Contrary to the district court’s determination, the Fourth Circuit found that NCG, as the Plan Administrator and named fiduciary for the Plan, is a fiduciary for the purposes of Dawson-Murdock’s ERISA claims.  A participant does not need to allege in every case that the plan administrator and named fiduciary is also a functional fiduciary.  The district court erred by failing to recognize the significance of NCG’s status as the joint plan administrator and named fiduciary and by focusing on Fourth Circuit precedent addressing functional fiduciaries.  The court noted that this error alone supports a vacatur and remand, but the district court also erred in its functional fiduciary analysis.

On the functional fiduciary question, the Fourth Circuit found that Dawson-Murdock’s complaint sufficiently alleges that NCG is a fiduciary with respect to the conduct giving rise to her claims.  The court explained that “when a plan administrator is responsible for verifying employee eligibility for participation in an employee benefit plan, that administrator acts in a fiduciary capacity with regard to that obligation.”  When an administrator knows that an employee wishes to maintain participation in a plan, it acts in a fiduciary capacity when it conveys, or fails to convey, material information to a plan participant about the retention of eligibility for the benefits.  A plan administrator, who by the nature of its position has discretionary authority or responsibility in the administration of a plan, is a functional fiduciary.  See 29 C.F.R. § 2509.75-8(D-3).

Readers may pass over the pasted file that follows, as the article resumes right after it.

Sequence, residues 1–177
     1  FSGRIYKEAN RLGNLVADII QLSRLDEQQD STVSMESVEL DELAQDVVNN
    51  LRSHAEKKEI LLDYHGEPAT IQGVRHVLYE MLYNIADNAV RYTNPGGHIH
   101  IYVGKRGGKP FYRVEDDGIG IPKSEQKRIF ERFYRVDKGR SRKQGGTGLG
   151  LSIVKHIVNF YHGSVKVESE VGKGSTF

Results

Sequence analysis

Notably, in a footnote, the Court stated that the district court relied primarily on the unpublished opinion in Moon v. BWX Tech., Inc., 577 F.App’x 224 (4th Cir. 2014) for the proposition that an employer was not acting as a fiduciary when it accepted an employee’s life insurance premiums without advising him that he was not eligible for the coverage.  The court explained that Moon failed to mention Griggs v. E.I. DuPont de Nemours & Co., 237 F.3d 371 (4th Cir. 2001), which approved a fiduciary breach claim where the plan administrator failed to correct the plan participant’s material misunderstanding of the relevant plan.  Also, the employer in Moon was neither a plan administrator nor a named fiduciary.

With respect to the VP’s advice to Dawson-Murdock to not appeal her denial of benefits to Unum, the Fourth Circuit found that this action of conveying information about plan benefits to a beneficiary in order to assist plan-related decisions, is a fiduciary activity under ERISA.  For these reasons, the Fourth Circuit Court of Appeals vacated the district court’s decision and remanded for further proceedings.

On appeal, Dawson-Murdock was represented by Kantor & Kantor partners, Elizabeth Hopkins (argued) and Michelle Roberts (on the briefs).